A Setback for Real Estate Developers as Courts Begin Reviewing Municipal Affordable Housing Plans

On July 9, 2015, the Honorable Douglas K. Wolfson, J.S.C. issued an opinion in In the Matter of the Adoption of the Monroe Township Housing Element and Fair Share Plan and Implementing Ordinances, Docket No. MID-L-3365-15.  And while Trial Court decisions are not typically the subject of client alerts, this decision, which bars real estate developers from advocating the inclusion of their projects, merits some attention.

Judge Wolfson, of course, is one of the many “Mount Laurel Judges” assigned to handle the deluge of declaratory judgment actions filed by municipalities pursuant to the New Jersey Supreme Court’s decision in In re Adoption of N.J.A.C. 5:96 & 5:97 by N.J. Council on Affordable Housing, 221 N.J. 1 (2015). These Mount Laurel Judges are charged with evaluating whether municipal ordinances adopted in furtherance of an approved housing element “provide for a realistic opportunity for the municipality to achieve its ‘fair share of the present and prospective regional need for low- and moderate-income housing’ … ‘in keeping with prior round methodologies.’” In other words, determining whether or not a municipality’s affordable housing plan passes constitutional muster.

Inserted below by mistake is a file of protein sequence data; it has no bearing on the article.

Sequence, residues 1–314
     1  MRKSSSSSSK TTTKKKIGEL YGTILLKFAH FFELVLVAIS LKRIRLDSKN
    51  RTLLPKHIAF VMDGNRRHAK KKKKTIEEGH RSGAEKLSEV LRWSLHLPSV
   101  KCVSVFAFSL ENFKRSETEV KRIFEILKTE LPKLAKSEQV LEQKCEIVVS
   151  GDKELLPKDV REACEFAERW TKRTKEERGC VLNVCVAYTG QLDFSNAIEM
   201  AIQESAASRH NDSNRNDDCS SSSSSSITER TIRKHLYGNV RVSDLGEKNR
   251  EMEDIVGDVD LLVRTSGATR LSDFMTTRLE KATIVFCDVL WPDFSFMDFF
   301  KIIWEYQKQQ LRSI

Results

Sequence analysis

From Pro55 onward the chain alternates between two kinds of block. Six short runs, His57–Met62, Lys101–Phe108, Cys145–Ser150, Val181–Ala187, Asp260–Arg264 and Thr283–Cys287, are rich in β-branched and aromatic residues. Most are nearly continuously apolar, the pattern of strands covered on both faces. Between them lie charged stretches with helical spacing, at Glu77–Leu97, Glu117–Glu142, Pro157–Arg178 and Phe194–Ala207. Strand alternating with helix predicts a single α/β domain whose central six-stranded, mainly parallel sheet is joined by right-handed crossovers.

Judge Wolfson, in evaluating a declaratory judgment action filed by the Township of Monroe, granted the Township a five-month period of immunity from builder remedy lawsuits. In granting that extension, Judge Wolfson applied the process of review outlined by the Supreme Court for municipalities that had: (1) “participating” status before the Council on Affordable Housing (“COAH”); and (2) “devised housing elements and took action toward adopting ordinances in furtherance of the plan.”

In keeping with the Supreme Court’s decision, Judge Wolfson also permitted the Fair Share Housing Center and a certain real estate developer to intervene in the declaratory judgment action. And, while recognizing the right of real estate developers to be granted an opportunity to be heard as to whether or not a municipal affordable housing plan passes constitutional muster, Judge Wolfson rejected the notion that the opportunity to be heard permits an end run around the stay of builder remedy suits. As such, real estate developers cannot “contest the municipality’s site selections and/or methods of compliance by suggesting or claiming that other sites (owned or controlled by them) are superior to, or perhaps, better suited for an inclusionary development.”

According to Judge Wolfson, this protocol will apply to all declaratory judgment actions involving municipalities that had either previously been granted substantive certification by COAH or were meaningfully participating in that process (like the Township of Monroe). The goal being to foster “a prompt, efficient, and fair resolution of the constitutional compliance issues, without unnecessary distractions or impediments from builder/developers or other interested parties.”

This, of course, is a great decision for municipalities. But should you be in the business of real estate and find your development plans frustrated by this new protocol, there is still time to evaluate your position and develop a strategy.